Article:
Guess what we’re doing today? We’re moving averages. Today we’re starting the first of a two part series how to trade moving averages using price action analysis. Moving averages action indicator is very popular among traders as it helps them forecast future price moves – Almost like forecasting the weather. We’re going to find out what moving averages really are, and various ways to use them. But first things first:
What In The World Is a Moving Average?
Well, a moving average is a technical indicator that calculates the price or exchange rate of a currency pair. You’re basically striking an average closing price of a currency pair over a fixed number of periods. Let’s take a look at a typical moving average.
This is what a moving average looks like. The slope helps us determine the future direction of prices. It is must be noted that there are different types of moving averages and each of them has their own smoothness level. The smoother the moving average, the slower its reaction time to the price movement. But if the moving average gets more choppy, its reaction time is much quicker.(I used to think it was the other round..But then What did I know?). So if you want a smoother moving average, strike your average over a longer time period.
Now there are two types of moving averages that traders use – Simple Moving Average(SMA)and Exponential Moving Average(SMA). We’ll take a look at both averages individually , and then identify similarities and differences-if there are any. For the sake of simplicity, we’ll use their acronyms, SMA and EMA.
But first let’s start with:
Simple Moving Average
Well,at the risk of repeating myself, simple moving average is the simplest type of moving average you can use in forex analysis. Simple Moving Average(SMA) is simply the calculated average of price over specific time periods. Basically you calculate an SMA by calculating the prices of one period and then divide it by that period. Scratching your hair already? Not to worry,let me break it down for you
Say you plot a 5 period SMA, on a one hour chart,you add up the closing prices of the last 5 hours and then divide that number by 5.
If you plot a 5 period SMA on a 10 minute chart,you add up the closing prices of the last 50 minutes and divide it by 5.
If you plot a 5 period simple moving average on a 30 minute chart, you add up the closing prices of the last 150 minutes and then divide it number by 5.
I hope you get the picture. If not you let me know.
Now let’s see how moving averages put their smoothness level on the price action
In case you haven’t noticed three SMA’s can be seen on th USD/CHF’s 1 hour chart. The longer the SMA period,is the more the price pulls away from the SMA period. That seems to be the case with the 62 SMA ait is staying adrift from the price than the 30 and 5 SMA’s.
Now why is that so? This is because the 62 SMA adds all the prices of the last 62 periods and divides the sum by 62. So the longer the period,the slower the reaction time of the SMA to the price movement.However,there is one problem with the SMA that you should be aware of.And that is, it’s vulnerable to price increases. And when that happens, you get false signals.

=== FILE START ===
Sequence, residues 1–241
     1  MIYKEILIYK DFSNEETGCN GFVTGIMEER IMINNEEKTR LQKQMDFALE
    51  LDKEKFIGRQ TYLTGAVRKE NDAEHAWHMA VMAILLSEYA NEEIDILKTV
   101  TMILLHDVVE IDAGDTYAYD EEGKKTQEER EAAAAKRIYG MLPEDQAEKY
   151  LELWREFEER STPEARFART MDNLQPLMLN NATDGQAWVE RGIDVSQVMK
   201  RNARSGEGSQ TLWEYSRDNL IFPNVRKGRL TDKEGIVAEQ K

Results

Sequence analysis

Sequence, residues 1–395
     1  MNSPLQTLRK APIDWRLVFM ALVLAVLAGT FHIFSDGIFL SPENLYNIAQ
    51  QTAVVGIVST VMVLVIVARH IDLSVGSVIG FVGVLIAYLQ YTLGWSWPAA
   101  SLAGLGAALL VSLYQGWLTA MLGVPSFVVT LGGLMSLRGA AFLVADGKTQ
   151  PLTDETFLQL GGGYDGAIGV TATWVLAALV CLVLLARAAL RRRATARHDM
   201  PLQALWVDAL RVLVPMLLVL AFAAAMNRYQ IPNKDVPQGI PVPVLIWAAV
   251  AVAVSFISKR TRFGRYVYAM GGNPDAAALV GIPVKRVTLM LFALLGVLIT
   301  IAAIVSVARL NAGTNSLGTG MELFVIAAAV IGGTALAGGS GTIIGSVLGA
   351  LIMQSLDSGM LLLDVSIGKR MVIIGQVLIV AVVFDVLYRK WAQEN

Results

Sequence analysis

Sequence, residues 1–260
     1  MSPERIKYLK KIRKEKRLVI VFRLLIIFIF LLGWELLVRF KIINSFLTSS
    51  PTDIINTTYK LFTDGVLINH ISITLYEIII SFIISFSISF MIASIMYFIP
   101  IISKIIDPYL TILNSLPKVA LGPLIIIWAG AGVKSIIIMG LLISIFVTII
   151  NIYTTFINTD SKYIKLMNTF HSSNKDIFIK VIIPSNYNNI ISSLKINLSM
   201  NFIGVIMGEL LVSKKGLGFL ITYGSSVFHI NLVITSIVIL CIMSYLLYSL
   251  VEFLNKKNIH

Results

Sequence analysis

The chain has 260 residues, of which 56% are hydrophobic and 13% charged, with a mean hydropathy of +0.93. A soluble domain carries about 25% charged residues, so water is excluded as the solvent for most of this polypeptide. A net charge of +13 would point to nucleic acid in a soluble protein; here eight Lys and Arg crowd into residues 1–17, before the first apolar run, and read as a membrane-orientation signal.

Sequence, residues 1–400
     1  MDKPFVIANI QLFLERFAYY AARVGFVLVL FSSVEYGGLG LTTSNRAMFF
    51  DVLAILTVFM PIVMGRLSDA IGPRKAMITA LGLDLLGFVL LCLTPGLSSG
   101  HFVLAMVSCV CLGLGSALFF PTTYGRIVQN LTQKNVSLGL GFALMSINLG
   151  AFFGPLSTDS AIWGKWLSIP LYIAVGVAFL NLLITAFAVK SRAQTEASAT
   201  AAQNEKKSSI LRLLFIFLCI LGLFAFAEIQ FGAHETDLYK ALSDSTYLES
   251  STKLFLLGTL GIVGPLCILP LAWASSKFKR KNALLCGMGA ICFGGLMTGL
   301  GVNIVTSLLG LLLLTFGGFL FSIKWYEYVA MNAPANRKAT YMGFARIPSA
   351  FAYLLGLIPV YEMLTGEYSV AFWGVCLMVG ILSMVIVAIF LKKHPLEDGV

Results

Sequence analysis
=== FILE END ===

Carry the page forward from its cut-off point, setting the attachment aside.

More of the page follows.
The next moving average solves the false signals.And the name is:
Exponential Moving Average(EMA)
If you read my last post, Something called Confluence, you’d have come across Exponential Moving Average. It was listed as one of the factors to look for when trading points of confluence.The Exponential Moving Average(EMA) is just as popular as the SMA. Unfortunately that is where the similarity ends.Unlike the SMA,which deals with future prices,the EMA deals with prices of the here and now. Plus,it has much quicker reaction time to price events than the SMA. And, like I indicated earlier, the EMA helps solve SMA’s vulnerability to price hikes. Let’s see how EMA solves this problem.
This EUR/USD shows prices calculated by the SMA over a 5 day period:
Day 1: 1.3172
Day 2: 1.3231
Day 3: 1.3164
Day 4: 1.3186
Day 5: 1.3293
After gathering these figures, you calculate the SMA as such.
(1.3172 + 1.3231 + 1.3164 + 1.3186 + 1.3293) / 5 = 1.3209.ffecy,
So far so good. But supposing a significant market event causes the Euro to dip across board.And it causes the Euro to crash and land at 1.3000. Let’s see what effect, if any, this crash will have on the 5 period SMA:
Day 1: 1.3172
Day 2: 1.3000
Day 3: 1.3164
Day 4: 1.3186
Day 5: 1.3293
Sure,the SMA looks lower.And it gives the impression that the Euro is going down, when in fact, the Day 2 drop was just a drop in the ocean.
This when EMA comes in. Unlike, SMA which only focuses on 1 and 2,EMA places emphasis on today 3,4,and 5.So that even if the EUR loses value on day 2, the spike wouldn’t make much of a dent on the EUR as EMA would only be focusing on recent price data. In other words, EMA is only concerned about what traders are doing presently as opposed to the future.
Now let’s take look at a 4 hr USD/JPY chart and see how EMA and SMA will look side by side.
See how the red line(EMA) is closer to the blue line(30 SMA)? This is because EMA is a lot more accurate than SMA. Why?Because EMA places more emphasis on current happenings.. The moral of the story is when trading with moving averages, deal with what’s happening here and now rather than what happened last month.
That’s a wrap for”We’re Moving Averages Part I. We’ve identified what moving averages are and two types of moving averages – Simple Moving Average(SMA) and Exponential Moving Average(EMA). Next time we’ll try to complete We Are Moving Averages Part II.
Til next time take care.
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